1911 Encyclopædia Britannica/Sherif Pasha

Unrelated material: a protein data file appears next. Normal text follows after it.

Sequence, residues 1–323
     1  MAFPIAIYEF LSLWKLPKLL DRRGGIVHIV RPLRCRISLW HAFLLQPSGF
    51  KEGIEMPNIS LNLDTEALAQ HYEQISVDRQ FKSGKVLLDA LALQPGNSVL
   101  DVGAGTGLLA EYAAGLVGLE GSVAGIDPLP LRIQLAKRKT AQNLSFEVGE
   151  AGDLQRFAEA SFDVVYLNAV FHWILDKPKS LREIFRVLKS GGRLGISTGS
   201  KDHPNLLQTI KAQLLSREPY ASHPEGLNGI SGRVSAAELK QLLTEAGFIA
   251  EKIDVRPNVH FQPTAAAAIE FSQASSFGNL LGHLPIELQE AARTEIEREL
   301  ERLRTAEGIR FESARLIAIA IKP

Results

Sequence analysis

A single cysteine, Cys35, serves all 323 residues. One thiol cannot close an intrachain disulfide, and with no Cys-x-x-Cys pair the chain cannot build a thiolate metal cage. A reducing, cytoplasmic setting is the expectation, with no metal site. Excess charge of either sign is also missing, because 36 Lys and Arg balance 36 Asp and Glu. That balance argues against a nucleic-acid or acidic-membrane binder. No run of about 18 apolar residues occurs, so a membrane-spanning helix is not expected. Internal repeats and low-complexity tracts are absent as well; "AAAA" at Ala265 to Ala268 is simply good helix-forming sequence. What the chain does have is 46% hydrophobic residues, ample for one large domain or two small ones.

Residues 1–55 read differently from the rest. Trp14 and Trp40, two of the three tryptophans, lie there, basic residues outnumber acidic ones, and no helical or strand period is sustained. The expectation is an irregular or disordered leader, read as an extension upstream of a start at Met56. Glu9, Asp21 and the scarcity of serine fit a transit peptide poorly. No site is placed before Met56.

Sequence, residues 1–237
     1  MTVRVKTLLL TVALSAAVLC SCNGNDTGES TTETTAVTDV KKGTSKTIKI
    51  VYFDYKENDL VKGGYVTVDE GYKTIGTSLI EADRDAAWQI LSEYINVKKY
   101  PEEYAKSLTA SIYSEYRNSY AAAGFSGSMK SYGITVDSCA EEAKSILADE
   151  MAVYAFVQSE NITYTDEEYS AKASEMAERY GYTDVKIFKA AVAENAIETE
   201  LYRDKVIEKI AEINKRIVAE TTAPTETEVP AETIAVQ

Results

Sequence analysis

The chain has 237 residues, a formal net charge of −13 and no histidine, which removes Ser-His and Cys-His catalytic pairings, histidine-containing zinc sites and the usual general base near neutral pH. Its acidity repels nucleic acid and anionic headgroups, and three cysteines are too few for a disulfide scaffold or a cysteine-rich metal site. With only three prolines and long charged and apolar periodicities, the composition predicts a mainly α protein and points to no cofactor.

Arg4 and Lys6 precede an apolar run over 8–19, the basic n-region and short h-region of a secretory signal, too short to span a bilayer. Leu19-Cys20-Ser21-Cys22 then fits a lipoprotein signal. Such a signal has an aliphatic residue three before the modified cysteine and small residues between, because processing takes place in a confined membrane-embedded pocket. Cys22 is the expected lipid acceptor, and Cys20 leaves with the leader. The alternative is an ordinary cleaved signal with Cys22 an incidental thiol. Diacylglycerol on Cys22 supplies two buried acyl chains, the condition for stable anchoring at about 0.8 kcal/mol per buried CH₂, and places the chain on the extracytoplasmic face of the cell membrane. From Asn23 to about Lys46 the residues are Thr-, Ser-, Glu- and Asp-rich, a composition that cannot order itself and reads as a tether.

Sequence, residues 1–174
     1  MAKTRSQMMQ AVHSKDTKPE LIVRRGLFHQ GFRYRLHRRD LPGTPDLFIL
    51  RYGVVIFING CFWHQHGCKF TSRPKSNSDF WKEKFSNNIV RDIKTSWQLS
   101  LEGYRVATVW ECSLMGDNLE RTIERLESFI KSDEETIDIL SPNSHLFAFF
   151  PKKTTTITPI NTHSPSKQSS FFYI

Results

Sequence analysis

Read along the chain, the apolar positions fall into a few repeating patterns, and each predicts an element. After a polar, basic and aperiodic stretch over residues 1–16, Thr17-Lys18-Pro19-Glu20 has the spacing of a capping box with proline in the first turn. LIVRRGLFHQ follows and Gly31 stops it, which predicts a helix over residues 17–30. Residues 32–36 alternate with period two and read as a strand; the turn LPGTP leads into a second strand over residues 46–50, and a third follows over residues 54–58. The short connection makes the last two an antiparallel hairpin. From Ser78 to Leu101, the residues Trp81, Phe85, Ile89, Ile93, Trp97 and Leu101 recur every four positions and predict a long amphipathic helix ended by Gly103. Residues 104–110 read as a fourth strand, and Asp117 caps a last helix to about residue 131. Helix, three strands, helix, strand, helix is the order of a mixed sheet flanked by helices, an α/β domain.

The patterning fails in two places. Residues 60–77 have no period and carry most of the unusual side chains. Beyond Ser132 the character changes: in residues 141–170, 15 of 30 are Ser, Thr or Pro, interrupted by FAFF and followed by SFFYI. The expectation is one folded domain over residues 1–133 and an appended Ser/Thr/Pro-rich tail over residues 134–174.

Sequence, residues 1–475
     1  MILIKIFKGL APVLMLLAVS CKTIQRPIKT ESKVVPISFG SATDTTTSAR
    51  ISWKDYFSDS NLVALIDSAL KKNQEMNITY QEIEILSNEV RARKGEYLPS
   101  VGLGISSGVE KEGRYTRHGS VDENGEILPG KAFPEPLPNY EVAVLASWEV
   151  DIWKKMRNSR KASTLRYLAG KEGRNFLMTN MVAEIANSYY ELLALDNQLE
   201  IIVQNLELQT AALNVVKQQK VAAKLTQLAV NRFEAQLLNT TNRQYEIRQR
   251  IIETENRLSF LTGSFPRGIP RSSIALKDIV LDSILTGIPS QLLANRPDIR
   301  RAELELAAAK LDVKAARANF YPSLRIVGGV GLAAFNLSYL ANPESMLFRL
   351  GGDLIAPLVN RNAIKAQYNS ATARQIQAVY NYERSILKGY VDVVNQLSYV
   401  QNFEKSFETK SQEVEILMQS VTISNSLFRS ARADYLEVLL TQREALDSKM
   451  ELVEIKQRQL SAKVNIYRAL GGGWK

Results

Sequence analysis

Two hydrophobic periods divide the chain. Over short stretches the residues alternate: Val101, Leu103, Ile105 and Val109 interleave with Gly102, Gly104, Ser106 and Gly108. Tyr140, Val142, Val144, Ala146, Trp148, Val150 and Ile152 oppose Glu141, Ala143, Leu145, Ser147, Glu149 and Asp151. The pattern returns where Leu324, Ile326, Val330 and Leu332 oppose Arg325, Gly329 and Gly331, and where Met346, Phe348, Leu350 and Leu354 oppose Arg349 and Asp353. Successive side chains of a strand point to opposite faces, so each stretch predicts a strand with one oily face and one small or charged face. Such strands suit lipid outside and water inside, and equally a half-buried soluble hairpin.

SHERIF PASHA (1818–1887), Egyptian statesman, was a Circassian who filled numerous administrative posts under Said and Ismail pashas. He was of better education than most of his contemporaries, and had married a daughter of Colonel Sèves the French non-commissioned officer who became Soliman Pasha under Mehemet Ali. As minister of foreign affairs he was useful to Ismail, who used Sherif’s bluff bonhomie to veil many of his most insidious proposals. Of singularly lazy disposition, he yet possessed considerable tact—he was in fact an Egyptian Lord Melbourne, whose policy was to leave everything alone. His favourite argument against any reform was to appeal to the Pyramids as an immutable proof of the solidity of Egypt financially and politically. His fatal optimism rendered him largely responsible for the collapse of Egyptian credit which brought about the fall of Ismail. Upon the military insurrection of September 1881, Sherif was summoned by the khedive Tewfik to form a new ministry. The impossibility of reconciling the financial requirements of the national party with the demands of the British and French controllers of the public debt, compelled him to resign in the following February. After the suppression of the Arabi rebellion he was again installed in office (September 1882) by Tewfik, but in January 1884 he resigned rather than sanction the evacuation of the Sudan. As to the strength of the mahdist movement he had then no conception. When urged by Sir Evelyn Baring (Lord Cromer) early in 1883 to abandon some of the more distant parts of the Sudan, he replied with characteristic light-heartedness: “Nous en causerons plus tard; d’abord nous allons donner une bonne raclée à ce monsieur” (i.e. the mahdi). Hicks Pasha’s expedition was at the time preparing to march on El Obeid. (Vide Egypt No. 1 (1907), p. 115). Sherif died at Gratz, on the 20th of April 1887.